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What does it take to be a good mentor? Related: Mentoring Vs Managing: Does It Have To Be One Or The Other? Mentoring is the development of a relationship, a partnership between two individuals where one more experienced person guides the less experienced person, developing and strengthening their abilities. The participants in the relationship, the subject matter and where the process occurs will vary. However, the common denominators in what makes a good mentor will always include the following:

  • An interest level in their subject and their mentee
  • A commitment to the process
  • A belief that their mentee is equally committed to the process
  • Confidence in their own abilities
  • Good communication skills
  • Excellent listening skills
  • Enthusiasm for their chosen profession
  • A positive force adding value in ones industry and community
  • A personal interest in seeing their mentee succeed
  • A constant pursuit of excellence in their profession by staying current
  • A desire to pay it forward
How does one become a more valuable mentor?

Provide Valuable Feedback

An even more valuable mentor makes it clear to their mentee that this is a two-way street. A mentor is teacher and guide. The knowledge and experience that they can share is a valuable resource. Allowing their mentee to be heard and providing feedback that is positive, supportive, and constructive is a necessary skill that adds value to the mentoring partnership. The traits that a mentee observes about their mentor are equally telling. For example, is their mentor respected by and respectful of their colleagues? Does their mentor communicate well? Is the mentor available to the mentee, initiating interaction and encouraging the mentee to question and evaluate what they are learning?


The mentor/mentee relationship starts with the mentee seeking guidance and learning from the mentor. In the early stages, the scales are tipped heavily toward the mentor. It is the responsibility of the mentor to lay the foundation for the mentee. As the relationship progresses, a successful mentor will be nurturing the mentee's growth by encouraging curiosity. Although a mentor is a teacher and guide, the strongest skill that they possess is that of being able to listen, not only to what is being said by their mentee, but also to the unspoken cues. This happens most effectively when there is chemistry between the mentor and the mentee. Fostering a compatible bond with their mentee adds a dimension to the mentor /mentee partnership that enhances the experience for both. This will encourage the move toward equilibrium in the relationship, an important next phase in the mentoring process.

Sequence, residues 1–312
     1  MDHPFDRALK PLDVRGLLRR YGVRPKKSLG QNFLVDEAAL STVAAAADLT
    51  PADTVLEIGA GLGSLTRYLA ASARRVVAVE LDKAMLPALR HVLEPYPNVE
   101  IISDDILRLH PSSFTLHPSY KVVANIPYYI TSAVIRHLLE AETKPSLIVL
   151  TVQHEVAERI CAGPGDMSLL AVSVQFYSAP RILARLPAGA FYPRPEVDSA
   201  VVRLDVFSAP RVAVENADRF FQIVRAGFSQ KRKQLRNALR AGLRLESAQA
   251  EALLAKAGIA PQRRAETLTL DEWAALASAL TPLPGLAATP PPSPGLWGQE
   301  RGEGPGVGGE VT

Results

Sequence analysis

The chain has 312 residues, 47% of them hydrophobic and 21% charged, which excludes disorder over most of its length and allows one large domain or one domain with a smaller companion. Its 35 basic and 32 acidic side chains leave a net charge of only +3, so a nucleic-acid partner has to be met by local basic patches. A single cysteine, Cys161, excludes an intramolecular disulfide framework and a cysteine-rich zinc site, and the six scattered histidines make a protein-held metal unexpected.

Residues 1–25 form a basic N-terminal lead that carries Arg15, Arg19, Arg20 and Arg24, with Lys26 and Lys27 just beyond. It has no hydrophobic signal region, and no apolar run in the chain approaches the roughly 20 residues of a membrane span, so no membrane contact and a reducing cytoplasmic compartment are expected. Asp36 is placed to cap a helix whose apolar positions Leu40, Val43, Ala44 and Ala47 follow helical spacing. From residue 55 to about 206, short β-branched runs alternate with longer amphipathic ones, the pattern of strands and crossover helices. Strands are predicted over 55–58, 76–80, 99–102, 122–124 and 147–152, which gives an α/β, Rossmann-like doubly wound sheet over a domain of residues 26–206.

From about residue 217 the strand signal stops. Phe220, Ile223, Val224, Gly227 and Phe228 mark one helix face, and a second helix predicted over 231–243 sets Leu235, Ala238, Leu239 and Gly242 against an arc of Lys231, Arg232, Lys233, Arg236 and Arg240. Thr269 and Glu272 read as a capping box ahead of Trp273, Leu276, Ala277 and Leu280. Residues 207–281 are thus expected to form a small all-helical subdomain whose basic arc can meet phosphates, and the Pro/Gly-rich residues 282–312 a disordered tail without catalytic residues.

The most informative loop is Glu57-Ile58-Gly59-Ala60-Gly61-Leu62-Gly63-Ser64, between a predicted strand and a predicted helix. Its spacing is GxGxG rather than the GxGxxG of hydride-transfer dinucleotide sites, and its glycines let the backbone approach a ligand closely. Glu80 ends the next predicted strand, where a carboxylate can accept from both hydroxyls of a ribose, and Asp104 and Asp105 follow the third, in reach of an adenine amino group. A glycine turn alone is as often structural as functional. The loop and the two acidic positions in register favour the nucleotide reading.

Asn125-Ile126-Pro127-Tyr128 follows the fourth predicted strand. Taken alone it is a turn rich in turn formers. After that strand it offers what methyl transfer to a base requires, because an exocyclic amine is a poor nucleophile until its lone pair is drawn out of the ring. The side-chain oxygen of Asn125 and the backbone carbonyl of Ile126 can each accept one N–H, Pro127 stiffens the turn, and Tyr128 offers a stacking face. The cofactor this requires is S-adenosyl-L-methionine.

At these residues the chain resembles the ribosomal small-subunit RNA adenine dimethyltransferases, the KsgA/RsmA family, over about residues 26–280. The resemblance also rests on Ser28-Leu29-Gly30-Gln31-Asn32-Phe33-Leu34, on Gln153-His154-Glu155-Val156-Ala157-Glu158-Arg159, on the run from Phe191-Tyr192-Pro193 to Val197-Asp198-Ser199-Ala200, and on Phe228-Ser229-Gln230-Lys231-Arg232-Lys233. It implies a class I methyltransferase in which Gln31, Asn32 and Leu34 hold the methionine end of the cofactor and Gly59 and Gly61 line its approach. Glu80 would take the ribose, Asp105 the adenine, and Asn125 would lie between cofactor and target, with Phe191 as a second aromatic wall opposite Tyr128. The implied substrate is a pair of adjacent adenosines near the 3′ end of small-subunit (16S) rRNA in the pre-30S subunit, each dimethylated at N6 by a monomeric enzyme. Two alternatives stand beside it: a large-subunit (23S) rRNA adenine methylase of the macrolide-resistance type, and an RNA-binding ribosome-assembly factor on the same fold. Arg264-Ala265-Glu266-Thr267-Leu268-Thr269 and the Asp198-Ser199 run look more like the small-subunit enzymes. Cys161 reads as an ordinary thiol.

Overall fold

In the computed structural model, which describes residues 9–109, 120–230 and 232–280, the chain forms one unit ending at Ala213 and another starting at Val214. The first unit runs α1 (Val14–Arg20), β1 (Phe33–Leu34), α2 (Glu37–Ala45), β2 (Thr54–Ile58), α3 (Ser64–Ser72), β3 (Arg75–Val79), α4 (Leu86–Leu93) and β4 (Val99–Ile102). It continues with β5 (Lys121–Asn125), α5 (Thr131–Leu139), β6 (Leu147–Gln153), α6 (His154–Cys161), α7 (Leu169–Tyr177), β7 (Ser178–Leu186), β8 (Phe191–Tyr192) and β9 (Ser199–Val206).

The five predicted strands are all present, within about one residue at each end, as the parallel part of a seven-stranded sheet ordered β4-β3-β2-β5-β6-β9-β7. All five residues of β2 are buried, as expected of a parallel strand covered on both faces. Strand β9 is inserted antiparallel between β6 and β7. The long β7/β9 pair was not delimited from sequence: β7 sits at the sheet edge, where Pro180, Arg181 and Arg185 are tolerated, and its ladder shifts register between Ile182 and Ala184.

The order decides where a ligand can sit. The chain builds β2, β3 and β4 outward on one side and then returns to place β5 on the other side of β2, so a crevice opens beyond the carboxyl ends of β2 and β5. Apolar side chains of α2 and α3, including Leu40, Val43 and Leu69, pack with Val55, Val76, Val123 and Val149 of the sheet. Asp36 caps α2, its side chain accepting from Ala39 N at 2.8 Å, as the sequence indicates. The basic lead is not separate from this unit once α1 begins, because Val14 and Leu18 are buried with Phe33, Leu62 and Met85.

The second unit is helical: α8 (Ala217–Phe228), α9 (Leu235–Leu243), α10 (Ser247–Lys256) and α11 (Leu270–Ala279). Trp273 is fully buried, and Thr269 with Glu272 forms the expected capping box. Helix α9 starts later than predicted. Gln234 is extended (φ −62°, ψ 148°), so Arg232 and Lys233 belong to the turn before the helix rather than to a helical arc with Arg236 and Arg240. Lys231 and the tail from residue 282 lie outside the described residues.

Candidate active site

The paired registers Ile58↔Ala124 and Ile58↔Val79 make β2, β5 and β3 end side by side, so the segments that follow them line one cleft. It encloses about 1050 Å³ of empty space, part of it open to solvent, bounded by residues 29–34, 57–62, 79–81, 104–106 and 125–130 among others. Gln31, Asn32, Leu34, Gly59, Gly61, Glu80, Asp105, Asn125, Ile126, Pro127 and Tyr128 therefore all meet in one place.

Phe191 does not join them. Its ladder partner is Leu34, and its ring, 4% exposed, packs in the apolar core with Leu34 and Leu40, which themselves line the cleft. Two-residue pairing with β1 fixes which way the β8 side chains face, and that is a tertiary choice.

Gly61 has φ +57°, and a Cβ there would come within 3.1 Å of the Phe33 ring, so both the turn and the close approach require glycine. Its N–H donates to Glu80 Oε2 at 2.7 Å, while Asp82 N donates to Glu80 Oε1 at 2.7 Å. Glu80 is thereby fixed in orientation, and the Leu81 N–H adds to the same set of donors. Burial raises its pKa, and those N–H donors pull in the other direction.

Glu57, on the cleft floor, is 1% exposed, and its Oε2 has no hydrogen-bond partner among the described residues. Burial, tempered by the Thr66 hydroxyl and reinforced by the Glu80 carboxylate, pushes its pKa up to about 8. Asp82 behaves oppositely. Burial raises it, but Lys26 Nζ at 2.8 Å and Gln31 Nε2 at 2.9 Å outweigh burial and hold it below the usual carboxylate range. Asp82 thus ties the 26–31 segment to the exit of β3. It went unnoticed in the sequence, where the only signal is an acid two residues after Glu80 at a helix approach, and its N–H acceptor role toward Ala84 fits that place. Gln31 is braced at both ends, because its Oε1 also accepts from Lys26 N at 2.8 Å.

Tip The Learning Curve

Now, the dynamic is moving toward a more level interaction, where the mentee is not only encouraged but is now expected to question and become more proactive. The best of mentors will tip the learning curve increasingly in the direction of the mentee and move the process into the final phase, that of the independent mentee. The development that takes place from start to finish is unique in each mentor/mentee relationship. One common thread, however, is the value added by the mentor who believes in them self and in their mentee, the mentor who is able to share the experience not only for the mentee but with them.

Lead By Example

Ultimately, the qualities that make a good mentor, and that allow them to add value to the mentor/mentee relationship, are the same set of personal and professional qualities that one finds in an excellent role model. An excellent role model is the kind of person who is insightful, a good listener, supportive, caring, admirable, and accessible. The mentor/role model who adds value is a guide and educator who is able to add practical advice and provide constructive criticism. Role models are successful individuals and they desire success for others. They not only 'talk the talk,' they 'walk the walk.' Who is the most valuable mentor? The person who leads by example! This post was originally published on an earlier date.

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About the author

Anne Marie Cooley is a Management Services Professional with 25+ years of experience helping others succeed by finding their strengths! She is also a virtual career coach at CareerHMO.com. Disclosure: This post is sponsored by a CareerHMO coach.
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